|US5098711 *||Dec 20, 1989||Mar 24, 1992||Ira Hill||Method of treating the oral cavity with dental floss containing chemotherapeutic agents|
|US5130412 *||Oct 16, 1990||Jul 14, 1992||Southwest Research Institute||Electrochemical drug release and article|
|US5141290 *||Apr 29, 1991||Aug 25, 1992||Hamivreshet Brush Factory||Toothbrush|
|US5147632 *||Oct 31, 1990||Sep 15, 1992||Warner-Lambert Company||Anti-plaque compositions comprising a combination of morpholinoamino alcohol and chelating agent|
|US5185155 *||Sep 27, 1991||Feb 9, 1993||Unilever Patent Holdings B.V.||Encapsulating method and products containing encapsulated material|
|US5211939 *||Jan 14, 1992||May 18, 1993||Gillette Canada||Method for desensitizing teeth|
|US5219554 *||Mar 31, 1992||Jun 15, 1993||Advanced Magnetics, Inc.||Hydrated biodegradable superparamagnetic metal oxides|
|US5225282 *||Dec 13, 1991||Jul 6, 1993||Molecular Bioquest, Inc.||Biodegradable magnetic microcluster comprising non-magnetic metal or metal oxide particles coated with a functionalized polymer|
|US5250288 *||Jan 25, 1993||Oct 5, 1993||Gillette Canada, Inc.||Method for desensitizing teeth|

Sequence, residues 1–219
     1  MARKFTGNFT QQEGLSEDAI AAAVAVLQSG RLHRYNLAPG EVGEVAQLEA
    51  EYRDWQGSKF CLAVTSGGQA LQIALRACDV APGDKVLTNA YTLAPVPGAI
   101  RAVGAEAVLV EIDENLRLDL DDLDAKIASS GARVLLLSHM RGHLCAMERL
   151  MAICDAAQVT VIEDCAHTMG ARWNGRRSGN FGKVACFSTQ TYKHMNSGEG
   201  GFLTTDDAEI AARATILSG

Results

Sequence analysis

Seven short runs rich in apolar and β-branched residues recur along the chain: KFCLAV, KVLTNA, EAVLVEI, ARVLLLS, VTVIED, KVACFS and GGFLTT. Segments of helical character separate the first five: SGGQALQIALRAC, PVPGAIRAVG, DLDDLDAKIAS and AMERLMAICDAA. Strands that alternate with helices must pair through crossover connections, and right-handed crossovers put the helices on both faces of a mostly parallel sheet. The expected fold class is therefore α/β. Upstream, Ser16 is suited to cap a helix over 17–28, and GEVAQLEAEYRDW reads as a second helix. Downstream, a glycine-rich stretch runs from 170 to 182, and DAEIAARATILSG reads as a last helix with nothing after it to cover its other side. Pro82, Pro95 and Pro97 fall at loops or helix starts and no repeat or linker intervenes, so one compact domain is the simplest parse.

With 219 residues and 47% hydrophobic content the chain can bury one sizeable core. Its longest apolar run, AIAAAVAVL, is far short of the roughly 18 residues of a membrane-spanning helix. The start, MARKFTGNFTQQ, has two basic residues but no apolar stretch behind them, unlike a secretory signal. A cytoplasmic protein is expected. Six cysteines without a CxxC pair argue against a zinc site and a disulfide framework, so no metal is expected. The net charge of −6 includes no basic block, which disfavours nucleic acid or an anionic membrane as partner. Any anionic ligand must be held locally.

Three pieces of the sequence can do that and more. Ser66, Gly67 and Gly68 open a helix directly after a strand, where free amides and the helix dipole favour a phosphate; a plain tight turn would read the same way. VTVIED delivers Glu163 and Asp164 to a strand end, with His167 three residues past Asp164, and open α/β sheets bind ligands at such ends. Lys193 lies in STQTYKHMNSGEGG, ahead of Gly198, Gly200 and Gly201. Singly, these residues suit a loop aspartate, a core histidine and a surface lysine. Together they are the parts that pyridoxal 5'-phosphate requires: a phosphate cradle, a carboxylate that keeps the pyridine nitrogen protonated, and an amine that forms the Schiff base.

|US5252577 *||Mar 6, 1992||Oct 12, 1993||Gillette Canada, Inc.||Methods of desensitizing teeth|
|US5262166 *||Apr 17, 1991||Nov 16, 1993||Lty Medical Inc||Resorbable bioactive phosphate containing cements|
|US5281265||Feb 3, 1992||Jan 25, 1994||Liu Sung Tsuen||Resorbable surgical cements|
|US5382468||Dec 22, 1992||Jan 17, 1995||Molecular Bioquest, Inc.||Biodegradable magnetic microclusters and methods for making them|
|US5447725||Jun 11, 1993||Sep 5, 1995||The Procter & Gamble Company||Methods for aiding periodontal tissue regeneration|
|USRE21197||Apr 7, 1933||Sep 5, 1939||Tooth brush and process of making|
|USRE24899||Jun 30, 1953||Nov 29, 1960||Oil-containrab|
|DE3923002A1||Jul 12, 1989||Jan 17, 1991||Uwe Michel||Coating compsn. for orthopaedic jaw parts, etc. - contg. epoxy] resin, dye and micaceous mineral as filler|
|EP0079400B1||Nov 18, 1981||Apr 9, 1986||Trisa Bürstenfabrik Ag Triengen||Method of manufacturing brushes with bristles made of thermoplastics material, especially hair brushes, or bristle carriers for such brushes and brushes fabricated thereby|
|EP0244118B1||Apr 14, 1987||Oct 20, 1993||Pharmetrix Corporation||Controlled release drug delivery system for the peridontal pocket|
|EP0441317A1||Feb 5, 1991||Aug 14, 1991||Kabushiki Kaisha Toshiba||Bi-CMOS logic gate circuits for low-voltage semiconductor integrated circuits|
|EP0480785B1||Sep 13, 1991||Dec 27, 1996||Terumo Kabushiki Kaisha||Polymerization initiator composition controlling polymerization at interface and curable composition containing same|
|JP62175410U||Title not available|
|JP62175412U||Title not available|
|1||Berman, "Dentinal Sensation and Hypersensitivity", 56:216-222, J. Periodontal (1984) Fr 48-52 pp. 219-220 resin blocking of tubules.|
|2||*||Berman, Dentinal Sensation and Hypersensitivity , 56:216 222, J. Periodontal (1984) Fr 48 52 pp. 219 220 resin blocking of tubules.|